CERT-SEI

Denial-of-Service Tools

Original release date: December 28, 1999
Last Updated: March 3, 2000
Source: CERT/CC

A complete revision history is at the end of this file.

Systems Affected

  • All systems connected to the Internet can be affected by denial-of-service attacks. Tools that run on a variety of UNIX and UNIX-like systems and Windows NT systems have recently been released to facilitate denial-of-service attacks. Additionally, some MacOS systems can be used as traffic amplifiers to conduct a denial-of-service attack.

I. Description

New Distributed Denial-of-Service Tools

Recently, new techniques for executing denial-of-service attacks have been made public. A tool similar to Tribe FloodNet (TFN), called Tribe FloodNet 2K (TFN2K) was released. Tribe FloodNet is described in http://www.cert.org/incident_notes/IN-99-07.html#tfn.

Like TFN, TFN2K is designed to launch coordinated denial-of-service attacks from many sources against one or more targets simultaneously. It includes features designed specifically to make TFN2K traffic difficult to recognize and filter, to remotely execute commands, to obfuscate the true source of the traffic, to transport TFN2K traffic over multiple transport protocols including UDP, TCP, and ICMP, and features to confuse attempts to locate other nodes in a TFN2K network by sending "decoy" packets.

TFN2K is designed to work on various UNIX and UNIX-like systems and Windows NT.

TFN2K obfuscates the true source of attacks by spoofing IP addresses. In networks that employ ingress filtering as described in [1], TFN2K can forge packets that appear to come from neighboring machines.

Like TFN, TFN2K can flood networks by sending large amounts of data to the victim machine. Unlike TFN, TFN2K includes attacks designed to crash or introduce instabilities in systems by sending malformed or invalid packets. Some attacks like this are described in

http://www.cert.org/advisories/CA-98-13-tcp-denial-of-service.html
http://www.cert.org/advisories/CA-97.28.Teardrop_Land.html

Also like TFN, TFN2K uses a client-server architecture in which a single client, under the control of an attacker, issues commands simultaneously to a set of TFN2K servers. The servers then conduct the denial-of-service attacks against the victim(s). Installing the server requires that an intruder first compromise a machine by different means.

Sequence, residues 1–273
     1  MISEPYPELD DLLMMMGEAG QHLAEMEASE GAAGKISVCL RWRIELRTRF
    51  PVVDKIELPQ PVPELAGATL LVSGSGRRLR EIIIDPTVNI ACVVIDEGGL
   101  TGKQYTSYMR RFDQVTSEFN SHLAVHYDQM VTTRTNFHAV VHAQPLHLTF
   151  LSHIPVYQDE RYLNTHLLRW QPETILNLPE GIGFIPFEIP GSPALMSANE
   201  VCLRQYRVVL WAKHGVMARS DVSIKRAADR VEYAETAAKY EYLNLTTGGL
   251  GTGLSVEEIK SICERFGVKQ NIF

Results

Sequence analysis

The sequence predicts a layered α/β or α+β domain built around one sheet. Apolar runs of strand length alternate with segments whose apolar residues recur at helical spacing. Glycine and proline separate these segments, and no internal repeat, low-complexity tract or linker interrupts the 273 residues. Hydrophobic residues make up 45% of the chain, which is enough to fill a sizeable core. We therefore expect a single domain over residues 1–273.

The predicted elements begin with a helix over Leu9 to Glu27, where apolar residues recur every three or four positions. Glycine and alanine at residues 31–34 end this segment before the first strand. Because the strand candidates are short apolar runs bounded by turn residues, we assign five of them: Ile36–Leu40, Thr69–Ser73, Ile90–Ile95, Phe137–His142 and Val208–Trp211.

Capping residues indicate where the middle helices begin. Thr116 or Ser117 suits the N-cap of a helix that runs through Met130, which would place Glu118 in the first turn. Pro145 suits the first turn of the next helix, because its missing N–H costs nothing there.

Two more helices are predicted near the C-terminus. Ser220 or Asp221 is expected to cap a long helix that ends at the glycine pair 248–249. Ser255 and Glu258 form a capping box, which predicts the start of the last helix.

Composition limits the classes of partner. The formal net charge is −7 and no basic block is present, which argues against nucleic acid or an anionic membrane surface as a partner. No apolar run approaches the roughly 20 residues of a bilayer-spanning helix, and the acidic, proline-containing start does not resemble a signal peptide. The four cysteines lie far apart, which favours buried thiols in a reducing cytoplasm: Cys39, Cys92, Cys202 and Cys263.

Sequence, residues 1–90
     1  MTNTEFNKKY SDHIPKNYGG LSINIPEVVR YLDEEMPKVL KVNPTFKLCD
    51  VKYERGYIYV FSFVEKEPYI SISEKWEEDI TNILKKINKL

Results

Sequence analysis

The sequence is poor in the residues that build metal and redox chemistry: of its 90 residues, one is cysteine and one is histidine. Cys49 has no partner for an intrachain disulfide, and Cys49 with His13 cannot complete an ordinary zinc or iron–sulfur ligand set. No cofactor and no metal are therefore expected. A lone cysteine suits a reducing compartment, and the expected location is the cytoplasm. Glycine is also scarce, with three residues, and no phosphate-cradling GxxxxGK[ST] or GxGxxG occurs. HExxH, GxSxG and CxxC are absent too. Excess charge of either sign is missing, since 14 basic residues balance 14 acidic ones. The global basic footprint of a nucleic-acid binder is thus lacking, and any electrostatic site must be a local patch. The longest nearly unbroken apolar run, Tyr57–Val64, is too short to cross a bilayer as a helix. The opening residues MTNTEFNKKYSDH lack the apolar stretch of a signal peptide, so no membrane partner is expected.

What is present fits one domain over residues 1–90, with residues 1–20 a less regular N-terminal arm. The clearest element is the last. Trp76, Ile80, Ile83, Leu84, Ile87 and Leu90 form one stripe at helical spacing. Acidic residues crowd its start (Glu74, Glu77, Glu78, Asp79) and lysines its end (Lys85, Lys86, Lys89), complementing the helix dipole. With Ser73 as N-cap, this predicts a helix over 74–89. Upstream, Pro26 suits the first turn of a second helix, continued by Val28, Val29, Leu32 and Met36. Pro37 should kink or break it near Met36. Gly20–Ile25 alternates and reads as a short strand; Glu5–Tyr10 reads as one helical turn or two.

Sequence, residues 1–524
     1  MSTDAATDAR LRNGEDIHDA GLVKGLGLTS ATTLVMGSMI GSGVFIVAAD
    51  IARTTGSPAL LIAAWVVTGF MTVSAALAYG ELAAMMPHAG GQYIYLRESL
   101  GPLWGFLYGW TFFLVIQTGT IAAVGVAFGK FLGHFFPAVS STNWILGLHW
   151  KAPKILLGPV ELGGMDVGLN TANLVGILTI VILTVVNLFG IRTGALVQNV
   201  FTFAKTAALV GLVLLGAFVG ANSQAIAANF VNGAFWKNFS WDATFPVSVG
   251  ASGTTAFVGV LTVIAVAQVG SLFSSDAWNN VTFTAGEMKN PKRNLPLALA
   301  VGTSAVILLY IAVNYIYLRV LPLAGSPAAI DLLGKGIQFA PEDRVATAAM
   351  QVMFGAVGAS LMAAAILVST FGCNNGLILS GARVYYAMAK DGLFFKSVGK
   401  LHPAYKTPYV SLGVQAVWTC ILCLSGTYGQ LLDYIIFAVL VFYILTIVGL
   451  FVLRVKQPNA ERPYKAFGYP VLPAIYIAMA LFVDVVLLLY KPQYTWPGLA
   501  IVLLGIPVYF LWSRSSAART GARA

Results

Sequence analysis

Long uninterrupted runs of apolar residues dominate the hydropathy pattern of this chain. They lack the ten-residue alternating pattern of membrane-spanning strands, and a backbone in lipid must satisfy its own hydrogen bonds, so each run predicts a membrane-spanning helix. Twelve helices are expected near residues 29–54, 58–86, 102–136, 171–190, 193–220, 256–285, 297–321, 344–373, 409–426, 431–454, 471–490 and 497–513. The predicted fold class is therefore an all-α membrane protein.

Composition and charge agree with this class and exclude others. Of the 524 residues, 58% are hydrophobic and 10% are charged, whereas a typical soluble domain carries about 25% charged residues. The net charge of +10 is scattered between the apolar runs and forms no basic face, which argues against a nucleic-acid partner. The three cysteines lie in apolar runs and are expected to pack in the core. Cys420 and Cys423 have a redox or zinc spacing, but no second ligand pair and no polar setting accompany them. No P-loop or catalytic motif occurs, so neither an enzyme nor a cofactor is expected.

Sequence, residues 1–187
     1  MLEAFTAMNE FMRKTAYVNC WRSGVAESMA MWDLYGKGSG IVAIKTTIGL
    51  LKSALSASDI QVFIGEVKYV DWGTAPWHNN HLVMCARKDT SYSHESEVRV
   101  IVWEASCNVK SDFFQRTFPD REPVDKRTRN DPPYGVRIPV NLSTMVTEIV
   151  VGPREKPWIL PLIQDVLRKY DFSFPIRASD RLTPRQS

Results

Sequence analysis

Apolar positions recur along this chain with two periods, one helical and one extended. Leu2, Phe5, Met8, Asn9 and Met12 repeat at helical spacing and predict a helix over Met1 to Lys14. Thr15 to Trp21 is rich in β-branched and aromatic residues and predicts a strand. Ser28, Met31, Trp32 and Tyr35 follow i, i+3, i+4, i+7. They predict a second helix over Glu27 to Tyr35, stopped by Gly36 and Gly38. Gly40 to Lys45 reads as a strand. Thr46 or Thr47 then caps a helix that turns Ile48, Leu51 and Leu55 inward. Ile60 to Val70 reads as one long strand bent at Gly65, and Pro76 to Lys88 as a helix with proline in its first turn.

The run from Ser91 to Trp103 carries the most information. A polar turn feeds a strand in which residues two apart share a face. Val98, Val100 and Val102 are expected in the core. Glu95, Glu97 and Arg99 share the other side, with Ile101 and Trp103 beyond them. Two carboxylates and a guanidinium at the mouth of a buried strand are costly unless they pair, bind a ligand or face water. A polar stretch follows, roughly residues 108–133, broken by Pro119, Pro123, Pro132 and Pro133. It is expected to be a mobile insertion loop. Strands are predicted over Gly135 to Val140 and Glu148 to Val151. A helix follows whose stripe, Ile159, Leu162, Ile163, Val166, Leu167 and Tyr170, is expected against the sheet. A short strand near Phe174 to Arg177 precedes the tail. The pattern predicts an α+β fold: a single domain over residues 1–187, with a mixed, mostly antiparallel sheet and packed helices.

Asymmetric traffic from MacOS 9

MacOS 9 can be abused by an intruder to generate a large volume of traffic directed at a victim in response to a small amount of traffic produced by an intruder. This allows an intruder to use MacOS 9 as a "traffic amplifier," and flood victims with traffic. According to [3], an intruder can use this asymmetry to "amplify" traffic by a factor of approximately 37.5, thus enabling an intruder with limited bandwidth to flood a much larger connection. This is similar in effect and structure to a "smurf" attack, described in

http://www.cert.org/advisories/CA-98.01.smurf.html

Unlike a smurf attack, however, it is not necessary to use a directed broadcast to achieve traffic amplification.

II. Impact

Intruders can flood networks with overwhelming amounts of traffic or cause machines to crash or otherwise become unstable.

III. Solution

The problem of distributed denial-of-service attacks is discussed at length in [2], available at

http://www.cert.org/reports/dsit_workshop.pdf

Managers, system administrators, Internet Service Providers (ISPs) and Computer Security Incident Response Teams (CSIRTs) are encouraged to read this document to gain a broader understanding of the problem.

For the ultimate victim of distributed denial-of-service attacks

Preparation is crucial. The victim of a distributed denial-of-service attack has little recourse using currently available technology to respond to an attack in progress. According to [2]:

The impact upon your site and operations is dictated by the (in)security of other sites and the ability of of a remote attackers to implant the tools and subsequently to control and direct multiple systems worldwide to launch an attack.

Sites are strongly encouraged to develop the relationships and capabilities described in [2] before you are a victim of a distributed denial-of-service attack.